The United States announced on Thursday (2) a final plan to reverse the safety standards in oil perforations implemented during Barack Obama's management, carried out after the explosion of the BP Deepwater Horizon platform occurred in 2010. The incident was the largest in the country's history in the oil and gas sector.
Last year, the agency of the Department of Environmental Safety and Applications (BSEE) suggested that revisions be made to the offshore control legislation of 2016, proposing the application of real-time monitoring of operations and certifications By third parties of emergency devices, among other points.
Now, the U.S. government seeks to ease the safety standards of the oil and gas sector through changes to the previous rules imposed by Obama, which, according to the industry's point of view, established financial burdens that jeopardised the Development and production of the American country.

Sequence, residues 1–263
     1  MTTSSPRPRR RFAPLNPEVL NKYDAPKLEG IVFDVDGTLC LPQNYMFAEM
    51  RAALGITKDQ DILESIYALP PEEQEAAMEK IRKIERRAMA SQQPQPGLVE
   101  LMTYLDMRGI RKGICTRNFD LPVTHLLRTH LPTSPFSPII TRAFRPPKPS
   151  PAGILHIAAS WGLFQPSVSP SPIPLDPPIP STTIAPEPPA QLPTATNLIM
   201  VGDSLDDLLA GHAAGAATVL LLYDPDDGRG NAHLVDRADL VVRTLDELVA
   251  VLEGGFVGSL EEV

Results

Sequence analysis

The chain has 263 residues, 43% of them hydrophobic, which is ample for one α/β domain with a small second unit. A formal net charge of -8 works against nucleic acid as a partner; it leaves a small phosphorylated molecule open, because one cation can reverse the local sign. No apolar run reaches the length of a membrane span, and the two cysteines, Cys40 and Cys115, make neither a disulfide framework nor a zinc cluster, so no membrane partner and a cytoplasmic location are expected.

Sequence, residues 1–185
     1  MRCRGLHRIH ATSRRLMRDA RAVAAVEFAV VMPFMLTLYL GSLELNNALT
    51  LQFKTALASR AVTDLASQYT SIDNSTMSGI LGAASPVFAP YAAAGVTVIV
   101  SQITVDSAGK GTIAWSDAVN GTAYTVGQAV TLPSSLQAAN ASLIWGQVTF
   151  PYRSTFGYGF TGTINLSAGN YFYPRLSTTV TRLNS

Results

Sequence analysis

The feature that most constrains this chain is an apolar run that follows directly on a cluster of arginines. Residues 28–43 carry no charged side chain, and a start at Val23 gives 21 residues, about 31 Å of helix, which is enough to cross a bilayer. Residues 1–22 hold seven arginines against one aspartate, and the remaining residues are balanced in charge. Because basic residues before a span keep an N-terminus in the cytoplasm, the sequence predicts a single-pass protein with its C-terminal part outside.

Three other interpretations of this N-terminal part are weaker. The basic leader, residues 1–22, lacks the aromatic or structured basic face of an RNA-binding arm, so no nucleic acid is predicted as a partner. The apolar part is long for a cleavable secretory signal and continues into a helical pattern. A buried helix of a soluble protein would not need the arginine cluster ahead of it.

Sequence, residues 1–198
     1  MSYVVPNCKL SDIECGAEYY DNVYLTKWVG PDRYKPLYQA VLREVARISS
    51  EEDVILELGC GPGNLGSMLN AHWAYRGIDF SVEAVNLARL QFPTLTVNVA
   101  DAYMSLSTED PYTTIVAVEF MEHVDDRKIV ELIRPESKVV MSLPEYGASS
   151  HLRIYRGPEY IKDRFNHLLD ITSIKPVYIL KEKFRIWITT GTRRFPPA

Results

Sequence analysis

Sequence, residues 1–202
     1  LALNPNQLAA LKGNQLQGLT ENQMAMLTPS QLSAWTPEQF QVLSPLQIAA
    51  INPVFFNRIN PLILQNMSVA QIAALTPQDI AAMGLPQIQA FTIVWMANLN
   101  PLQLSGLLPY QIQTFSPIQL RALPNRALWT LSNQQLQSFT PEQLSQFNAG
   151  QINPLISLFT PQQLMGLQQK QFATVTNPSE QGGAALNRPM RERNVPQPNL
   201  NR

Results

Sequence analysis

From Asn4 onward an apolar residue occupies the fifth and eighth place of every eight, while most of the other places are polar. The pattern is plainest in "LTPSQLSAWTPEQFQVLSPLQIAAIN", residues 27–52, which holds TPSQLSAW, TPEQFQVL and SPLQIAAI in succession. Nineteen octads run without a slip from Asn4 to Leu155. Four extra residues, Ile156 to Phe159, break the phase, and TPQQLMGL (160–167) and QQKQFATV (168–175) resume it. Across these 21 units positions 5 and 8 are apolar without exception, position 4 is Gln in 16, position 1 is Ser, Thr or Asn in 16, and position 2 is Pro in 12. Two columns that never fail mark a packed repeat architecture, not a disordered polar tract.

The BP Deepwater Horizon explosion (photo) took place in 2010 in the Gulf of Mexico, USA. The platform had been built in 2001, owned by Transocean and was leased to British Petroleum at the time. Fatality resulted in the death of 11 people and represented the largest environmental disaster in the history of the American country, with more than 750 million liters of oil leaked in the sea.
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